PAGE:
This lighthouse is the favorite of my daughter Rhonda, I remember she was excited when she saw it the first time.  It is, after all, in a stunning location, well visited and photographed too.
View from the tower
An aerial view of some years ago
The second American coin with a lighthouse,
soon to be released in the America the Beautiful series.

Monday, January 2, 2012

Spring Point Ledge Light...

Spring Point Ledge and breakwater - click to enlarge
  ...opened in 1867 and built of iron lined with brick.  This type of light is call a "sparkplug light", a close look will tell you why.  The tower stands 54 feet.  The breakwater was added years after the light was built.
  This light is the very favorite of my lovely Wife, Linda, and it's been visited many times.  It was within easy walking distance when we lived in South Portland.
  The light is located on the grounds of the old Fort Preble, and Southern Maine Community College, also in sight is Willard Beach, a city maintained beach for swimming in Casco Bay.  The channel here gets a lot of traffic of ship to and from the Pipeline in South Portland, and shipping into or out of the Port of Portland; and by Linda and the stroller when Jon and Hollie were babies.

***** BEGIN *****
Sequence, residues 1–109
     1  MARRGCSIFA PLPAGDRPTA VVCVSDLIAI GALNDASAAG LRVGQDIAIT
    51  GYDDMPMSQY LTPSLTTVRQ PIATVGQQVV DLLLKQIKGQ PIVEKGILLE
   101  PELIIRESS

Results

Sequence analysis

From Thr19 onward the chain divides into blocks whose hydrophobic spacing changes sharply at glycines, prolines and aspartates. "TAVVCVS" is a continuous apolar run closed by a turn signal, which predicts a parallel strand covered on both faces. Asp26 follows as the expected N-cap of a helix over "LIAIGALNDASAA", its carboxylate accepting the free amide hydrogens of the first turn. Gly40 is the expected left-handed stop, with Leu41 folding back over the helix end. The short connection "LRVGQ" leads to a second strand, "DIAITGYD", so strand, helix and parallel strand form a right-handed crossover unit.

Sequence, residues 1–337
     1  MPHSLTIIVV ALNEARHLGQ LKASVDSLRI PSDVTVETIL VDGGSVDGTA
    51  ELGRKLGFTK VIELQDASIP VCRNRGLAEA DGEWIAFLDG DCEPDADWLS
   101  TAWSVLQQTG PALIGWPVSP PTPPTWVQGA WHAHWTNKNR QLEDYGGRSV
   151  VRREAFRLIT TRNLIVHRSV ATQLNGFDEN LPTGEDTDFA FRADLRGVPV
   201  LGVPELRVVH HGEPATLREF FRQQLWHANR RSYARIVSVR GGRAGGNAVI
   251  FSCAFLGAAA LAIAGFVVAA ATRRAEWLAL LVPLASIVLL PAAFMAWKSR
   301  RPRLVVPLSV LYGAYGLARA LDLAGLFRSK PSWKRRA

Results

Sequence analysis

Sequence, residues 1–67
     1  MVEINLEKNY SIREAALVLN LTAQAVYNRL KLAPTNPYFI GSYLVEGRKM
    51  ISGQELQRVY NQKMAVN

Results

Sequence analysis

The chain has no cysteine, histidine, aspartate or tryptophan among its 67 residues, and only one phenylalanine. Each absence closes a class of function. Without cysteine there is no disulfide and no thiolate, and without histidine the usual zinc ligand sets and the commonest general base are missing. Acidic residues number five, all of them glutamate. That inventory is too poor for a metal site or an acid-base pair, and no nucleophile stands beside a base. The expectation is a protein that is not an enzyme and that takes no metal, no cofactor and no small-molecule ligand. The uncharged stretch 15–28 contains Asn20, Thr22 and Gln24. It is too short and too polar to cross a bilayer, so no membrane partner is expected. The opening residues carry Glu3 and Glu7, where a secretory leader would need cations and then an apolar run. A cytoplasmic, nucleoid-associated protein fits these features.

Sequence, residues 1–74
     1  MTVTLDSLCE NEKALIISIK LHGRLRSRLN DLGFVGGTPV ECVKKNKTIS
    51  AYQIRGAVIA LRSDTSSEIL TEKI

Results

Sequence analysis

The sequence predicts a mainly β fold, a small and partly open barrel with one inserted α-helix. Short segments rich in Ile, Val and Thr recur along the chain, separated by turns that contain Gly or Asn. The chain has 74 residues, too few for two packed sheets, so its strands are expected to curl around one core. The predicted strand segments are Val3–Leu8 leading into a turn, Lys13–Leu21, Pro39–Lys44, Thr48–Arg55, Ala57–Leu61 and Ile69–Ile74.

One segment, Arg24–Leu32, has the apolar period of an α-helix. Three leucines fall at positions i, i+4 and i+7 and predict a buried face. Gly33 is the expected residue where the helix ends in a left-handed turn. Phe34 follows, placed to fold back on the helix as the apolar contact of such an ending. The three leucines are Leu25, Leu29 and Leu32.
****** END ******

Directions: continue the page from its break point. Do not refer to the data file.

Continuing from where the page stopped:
View from the top
...and in winter. - click   Photo by Marc-marcopolomusic
Willard Beach on a cold day. click to enlarge  Photo by Marc-marcopolomusic

Sunday, January 1, 2012

Pemaquid Point Light

That's a long ledge, click to enlarge it's worth it
                                                        HAPPY NEW YEAR!
     Pemaquid is the Abenaki Indian word for situated far out and indeed it is.  Pemaquid is located in a part of Bristol on one of the many "fingers" along the Maine coast.
   In 1826 Congress allotted a sum of money for construction of the first lighthouse on the point, they also paid the grand sum of $90.00 for the land, the land was purchased from a couple who were survivors of a ship wreck on that spot.  The construction was finished in 1827 and the rubble stone and mortar tower was lit by four oil lamps with reflectors.  The tower was demolished and re-constructed some time later because the mason while building the tower had mixed the mortar with salt water.  The contract for the new work stipulated the use of fresh water for mixing mortar.
  Pemaquid Light was the first lighthouse to ever appear on American money when the Maine quarter was issued in 2003.

View from the tower...
...and a view from land.
Renovation work in 2007, new motor and a fresh coat.